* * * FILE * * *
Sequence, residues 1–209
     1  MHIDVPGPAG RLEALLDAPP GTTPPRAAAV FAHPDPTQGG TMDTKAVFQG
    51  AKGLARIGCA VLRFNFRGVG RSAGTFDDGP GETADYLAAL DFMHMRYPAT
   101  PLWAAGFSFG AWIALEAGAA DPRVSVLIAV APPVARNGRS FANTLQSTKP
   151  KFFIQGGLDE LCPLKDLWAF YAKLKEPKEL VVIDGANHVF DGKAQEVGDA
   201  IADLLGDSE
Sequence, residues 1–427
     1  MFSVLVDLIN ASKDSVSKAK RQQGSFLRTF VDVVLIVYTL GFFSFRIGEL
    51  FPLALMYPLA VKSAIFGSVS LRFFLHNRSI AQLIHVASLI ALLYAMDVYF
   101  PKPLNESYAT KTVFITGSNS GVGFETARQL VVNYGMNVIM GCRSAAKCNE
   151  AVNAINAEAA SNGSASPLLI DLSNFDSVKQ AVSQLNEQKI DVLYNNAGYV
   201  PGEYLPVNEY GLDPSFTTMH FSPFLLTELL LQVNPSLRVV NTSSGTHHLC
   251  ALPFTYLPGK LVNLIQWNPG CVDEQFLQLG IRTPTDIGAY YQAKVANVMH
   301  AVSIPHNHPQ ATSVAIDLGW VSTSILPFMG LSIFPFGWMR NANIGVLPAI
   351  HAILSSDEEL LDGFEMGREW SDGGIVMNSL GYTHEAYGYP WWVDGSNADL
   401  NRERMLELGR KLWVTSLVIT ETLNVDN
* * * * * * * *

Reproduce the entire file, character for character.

Sequence, residues 1–209
     1  MHIDVPGPAG RLEALLDAPP GTTPPRAAAV FAHPDPTQGG TMDTKAVFQG
    51  AKGLARIGCA VLRFNFRGVG RSAGTFDDGP GETADYLAAL DFMHMRYPAT
   101  PLWAAGFSFG AWIALEAGAA DPRVSVLIAV APPVARNGRS FANTLQSTKP
   151  KFFIQGGLDE LCPLKDLWAF YAKLKEPKEL VVIDGANHVF DGKAQEVGDA
   201  IADLLGDSE
Sequence, residues 1–427
     1  MFSVLVDLIN ASKDSVSKAK RQQGSFLRTF VDVVLIVYTL GFFSFRIGEL
    51  FPLALMYPLA VKSAIFGSVS LRFFLHNRSI AQLIHVASLI ALLYAMDVYF
   101  PKPLNESYAT KTVFITGSNS GVGFETARQL VVNYGMNVIM GCRSAAKCNE
   151  AVNAINAEAA SNGSASPLLI DLSNFDSVKQ AVSQLNEQKI DVLYNNAGYV
   201  PGEYLPVNEY GLDPSFTTMH FSPFLLTELL LQVNPSLRVV NTSSGTHHLC
   251  ALPFTYLPGK LVNLIQWNPG CVDEQFLQLG IRTPTDIGAY YQAKVANVMH
   301  AVSIPHNHPQ ATSVAIDLGW VSTSILPFMG LSIFPFGWMR NANIGVLPAI
   351  HAILSSDEEL LDGFEMGREW SDGGIVMNSL GYTHEAYGYP WWVDGSNADL
   401  NRERMLELGR KLWVTSLVIT ETLNVDN